In an action under the Cambridge Rent Control Act, St. 1976, c. 36, as in effect prior to its amendment by St. 1985, c. 399, Section 1, by which a property owner sought judicial review of a determination by the rent control board of Cambridge that certain premises were a controlled rental unit, the plaintiff was not entitled to have the board's determination considered de novo, but rather, review was limited to judicial consideration of whether the board's decision was supported by the facts before it and was legally justified. [601-602]
A determination by the rent control board of Cambridge that certain premises had been used as a residence at relevant times and that they were a controlled rental unit was supported by the evidence before the board's hearing examiner and was justified under a regulatory scheme which placed reliance upon the board to exercise informed judgment and discretion. [602-605]
CIVIL ACTION commenced in the Cambridge Division of the District Court Department on August 19, 1983.
On appeal to the Superior Court Department the case was heard by Joseph S. Mitchell, Jr., J., on a motion for summary judgment.
Michael J. O'Neill for the plaintiff.
Patricia A. Cantor for Rent Control Board of Cambridge (Mark D. Stern, for Barnett Rubenstein, with her).
WARNER, J. This is an appeal by the owner from a judgment of the Superior Court which declared that unit 3 at 69 Harvey Street is a controlled rental unit subject to St. 1976, c. 36, the Cambridge Rent Control Act (Act). [Note 2]
On February 12, 1982, Barnett Rubenstein (tenant) filed a tenant's complaint with the rent control board of Cambridge (board), alleging, in substance, that unit 3 was a controlled rental unit, that it had not been properly registered as such, and that as a result Rubenstein had paid substantially more than the legal maximum rent. The matter was heard by a board hearing examiner, and she concluded that the unit was rent controlled and recommended a legal maximum rent. The board adopted the findings and recommendations of the hearing examiner and ruled that the unit was rent controlled.
The owner of the premises sought judicial review in a District Court in accordance with Section 10(a) of the Act. [Note 3] A District Court judge determined, after de novo review, that the unit was rent controlled. The owner appealed to the Superior Court pursuant to G. L. c. 231, Section 97, as amended by St. 1977, c. 655, Section 2. [Note 4] On the board's motion for summary judgment, a Superior Court judge, without explanation, entered the judgment from which this appeal was taken.
1. The standard of review in the trial courts. At the threshold is the question of the proper scope of judicial review of the board's decision. The District Court judge took the position that de novo consideration was called for and conducted the hearing and made his findings accordingly. It is not clear from the record what standard the Superior Court judge applied. The board and the tenant argue that the trial courts' function in cases such as this is not to consider the case anew but only to examine the board's record to determine whether the decision
is supported by evidence before the board and is legally justified. The owner's position is to the contrary. [Note 5]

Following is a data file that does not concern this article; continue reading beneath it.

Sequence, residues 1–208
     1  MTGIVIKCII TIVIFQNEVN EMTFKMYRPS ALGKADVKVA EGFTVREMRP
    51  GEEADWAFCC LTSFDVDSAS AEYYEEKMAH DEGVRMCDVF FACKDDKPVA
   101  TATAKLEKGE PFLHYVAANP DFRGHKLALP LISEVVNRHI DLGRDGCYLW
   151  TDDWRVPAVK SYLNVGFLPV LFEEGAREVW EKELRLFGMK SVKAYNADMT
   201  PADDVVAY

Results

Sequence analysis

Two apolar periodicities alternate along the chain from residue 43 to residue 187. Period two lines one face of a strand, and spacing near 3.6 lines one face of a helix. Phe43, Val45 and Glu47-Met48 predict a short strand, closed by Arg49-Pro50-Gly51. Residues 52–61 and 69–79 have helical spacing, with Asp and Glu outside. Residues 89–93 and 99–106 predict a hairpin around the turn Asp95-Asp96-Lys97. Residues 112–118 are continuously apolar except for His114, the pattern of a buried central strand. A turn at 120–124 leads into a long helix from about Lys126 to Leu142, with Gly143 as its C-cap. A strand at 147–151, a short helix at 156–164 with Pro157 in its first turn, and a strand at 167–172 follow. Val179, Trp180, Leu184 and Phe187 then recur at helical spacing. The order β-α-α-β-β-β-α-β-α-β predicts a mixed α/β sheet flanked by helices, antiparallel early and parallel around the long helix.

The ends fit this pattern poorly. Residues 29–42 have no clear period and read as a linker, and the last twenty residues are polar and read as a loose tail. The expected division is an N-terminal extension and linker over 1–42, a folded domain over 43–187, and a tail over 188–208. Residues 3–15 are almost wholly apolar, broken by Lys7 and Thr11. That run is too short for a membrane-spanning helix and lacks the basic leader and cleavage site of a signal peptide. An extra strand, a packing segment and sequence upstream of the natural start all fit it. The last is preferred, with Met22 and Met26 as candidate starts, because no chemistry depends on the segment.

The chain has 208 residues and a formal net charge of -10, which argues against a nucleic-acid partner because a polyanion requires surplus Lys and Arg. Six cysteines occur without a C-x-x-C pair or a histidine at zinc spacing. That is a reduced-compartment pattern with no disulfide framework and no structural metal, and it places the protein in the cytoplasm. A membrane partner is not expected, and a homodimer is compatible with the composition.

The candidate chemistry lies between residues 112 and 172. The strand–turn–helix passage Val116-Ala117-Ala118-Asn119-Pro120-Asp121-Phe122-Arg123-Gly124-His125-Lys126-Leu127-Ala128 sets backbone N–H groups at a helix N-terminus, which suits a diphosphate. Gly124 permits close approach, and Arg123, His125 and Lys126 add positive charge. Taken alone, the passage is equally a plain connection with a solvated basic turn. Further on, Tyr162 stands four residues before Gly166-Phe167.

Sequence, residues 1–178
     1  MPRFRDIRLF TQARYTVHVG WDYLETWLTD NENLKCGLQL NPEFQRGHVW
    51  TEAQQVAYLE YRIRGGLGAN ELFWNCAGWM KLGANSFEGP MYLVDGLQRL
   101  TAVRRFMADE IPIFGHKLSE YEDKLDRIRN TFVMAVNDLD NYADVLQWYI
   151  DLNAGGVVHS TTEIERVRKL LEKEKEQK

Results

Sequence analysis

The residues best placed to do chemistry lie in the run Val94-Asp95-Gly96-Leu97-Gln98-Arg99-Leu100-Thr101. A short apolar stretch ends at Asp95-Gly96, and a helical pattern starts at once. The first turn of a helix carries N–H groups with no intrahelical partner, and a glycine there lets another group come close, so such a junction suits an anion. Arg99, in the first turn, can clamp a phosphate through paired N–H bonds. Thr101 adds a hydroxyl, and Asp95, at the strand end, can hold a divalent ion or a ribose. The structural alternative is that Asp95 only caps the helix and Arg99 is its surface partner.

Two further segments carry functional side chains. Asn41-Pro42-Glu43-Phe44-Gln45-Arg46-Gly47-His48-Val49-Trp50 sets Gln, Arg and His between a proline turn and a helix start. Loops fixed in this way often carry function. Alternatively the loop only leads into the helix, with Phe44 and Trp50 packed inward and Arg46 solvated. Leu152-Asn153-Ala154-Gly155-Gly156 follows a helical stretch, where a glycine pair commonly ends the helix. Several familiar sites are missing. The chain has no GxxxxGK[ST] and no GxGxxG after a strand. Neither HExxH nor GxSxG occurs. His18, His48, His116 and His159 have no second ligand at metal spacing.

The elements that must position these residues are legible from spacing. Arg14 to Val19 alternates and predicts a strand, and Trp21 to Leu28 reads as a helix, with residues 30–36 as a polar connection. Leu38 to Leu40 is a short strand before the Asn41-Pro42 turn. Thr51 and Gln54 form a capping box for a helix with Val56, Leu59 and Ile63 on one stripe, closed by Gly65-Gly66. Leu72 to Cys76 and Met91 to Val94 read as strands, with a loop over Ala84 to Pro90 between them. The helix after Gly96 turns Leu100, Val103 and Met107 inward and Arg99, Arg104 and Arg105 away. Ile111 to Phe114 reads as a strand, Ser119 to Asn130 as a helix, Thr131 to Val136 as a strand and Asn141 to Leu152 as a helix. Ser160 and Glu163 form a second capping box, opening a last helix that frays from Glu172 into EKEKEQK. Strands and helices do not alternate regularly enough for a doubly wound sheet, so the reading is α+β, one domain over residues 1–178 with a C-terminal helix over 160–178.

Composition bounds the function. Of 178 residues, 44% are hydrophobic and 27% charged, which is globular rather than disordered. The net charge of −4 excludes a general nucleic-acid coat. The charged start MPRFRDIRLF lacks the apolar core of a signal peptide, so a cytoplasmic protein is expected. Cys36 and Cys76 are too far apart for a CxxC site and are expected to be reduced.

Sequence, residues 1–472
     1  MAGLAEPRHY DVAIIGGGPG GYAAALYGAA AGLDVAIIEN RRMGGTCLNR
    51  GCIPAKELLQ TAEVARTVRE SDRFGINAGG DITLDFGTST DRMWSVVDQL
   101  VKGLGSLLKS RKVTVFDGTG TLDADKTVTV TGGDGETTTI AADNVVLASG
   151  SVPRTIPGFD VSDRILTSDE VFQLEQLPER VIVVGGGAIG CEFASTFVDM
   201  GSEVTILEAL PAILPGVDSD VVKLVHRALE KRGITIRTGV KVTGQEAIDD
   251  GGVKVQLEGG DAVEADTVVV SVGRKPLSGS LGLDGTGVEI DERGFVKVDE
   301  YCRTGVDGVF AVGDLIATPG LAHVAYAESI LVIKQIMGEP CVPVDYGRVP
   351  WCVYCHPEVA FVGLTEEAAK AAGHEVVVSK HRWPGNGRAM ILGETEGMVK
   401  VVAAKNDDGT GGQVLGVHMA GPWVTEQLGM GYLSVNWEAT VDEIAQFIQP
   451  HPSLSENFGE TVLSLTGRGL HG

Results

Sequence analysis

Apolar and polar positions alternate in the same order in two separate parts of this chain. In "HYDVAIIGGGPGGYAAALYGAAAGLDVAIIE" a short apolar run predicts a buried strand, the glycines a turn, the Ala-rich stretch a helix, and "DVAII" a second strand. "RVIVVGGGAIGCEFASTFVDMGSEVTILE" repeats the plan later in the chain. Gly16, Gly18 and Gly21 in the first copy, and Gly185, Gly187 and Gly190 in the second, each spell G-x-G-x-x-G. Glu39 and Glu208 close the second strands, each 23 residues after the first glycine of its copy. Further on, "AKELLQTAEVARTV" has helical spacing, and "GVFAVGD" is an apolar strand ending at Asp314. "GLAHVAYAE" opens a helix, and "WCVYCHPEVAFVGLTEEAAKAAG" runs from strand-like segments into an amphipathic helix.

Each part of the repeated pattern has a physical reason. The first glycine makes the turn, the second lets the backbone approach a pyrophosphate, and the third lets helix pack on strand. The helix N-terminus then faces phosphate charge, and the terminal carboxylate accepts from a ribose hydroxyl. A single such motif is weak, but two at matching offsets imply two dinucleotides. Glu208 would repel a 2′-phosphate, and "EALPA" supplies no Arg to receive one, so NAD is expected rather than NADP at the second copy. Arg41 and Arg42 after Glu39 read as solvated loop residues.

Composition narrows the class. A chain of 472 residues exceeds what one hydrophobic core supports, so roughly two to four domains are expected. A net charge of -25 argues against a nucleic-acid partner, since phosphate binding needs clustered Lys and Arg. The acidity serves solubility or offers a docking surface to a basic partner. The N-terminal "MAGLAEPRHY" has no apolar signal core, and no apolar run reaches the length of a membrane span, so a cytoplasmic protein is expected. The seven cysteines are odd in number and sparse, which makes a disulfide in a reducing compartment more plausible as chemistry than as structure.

"Neither in [the Act] nor in the Declaratory Judgment Act do we have express guidance as to the scope of judicial review, [Note 6] and we are remitted, as in other cases, to a judgment based on an appraisal of the total process in its context." Sherman v. Rent Control Bd. of Brookline, 367 Mass. 1 , 9 (1975). It is undisputed that regulations of the board, enacted pursuant to c. 36, Section 5(e), provided in detail for notice, hearing and adversary or trial-type proceedings on the tenant's complaint. See, id. at 7-8. In addition, the regulations required the hearing examiner to submit a written decision to the board containing a
summary of the evidence, findings of fact and recommendations with reasons supporting them. See id. 10-11. The parties were entitled to oral and written argument to the board. See id. at 8. The owner's argument that since the procedural protections were not provided in the enabling act the parties were not entitled to them is to no avail. The regulations enacted by the board pursuant to a legislative grant of power had the force of law and were binding on the board. Niles v. Boston Rent Control Admr., 6 Mass. App. Ct. 135 , 150 (1978). Cf. Kenney v. Commissioner of Correction, 393 Mass. 28 , 33 (1984), and cases cited.
We also think that the board has discretion in determining whether a rental unit is subject to rent control under the Act. The term "rental units" is defined broadly. [Note 7] No guidance, other than by way of specific and limited exceptions, is given in the Act to assist in applying the definition to particular facts. It seems apparent, considering the context in which the Act and its predecessor were enacted and the purposes of both Acts, [Note 8] that the Legislature intended to leave the case by case determination of the applicability of rent control in Cambridge to the existing and developing expertise, judgment and discretion of the board. While a determination whether a rental unit is residential in character may be routine in many instances, the facts of this case show that there are discretionary elements. See Sherman v. Rent Control Bd. of Brookline, 367 Mass. at 8. [Note 9]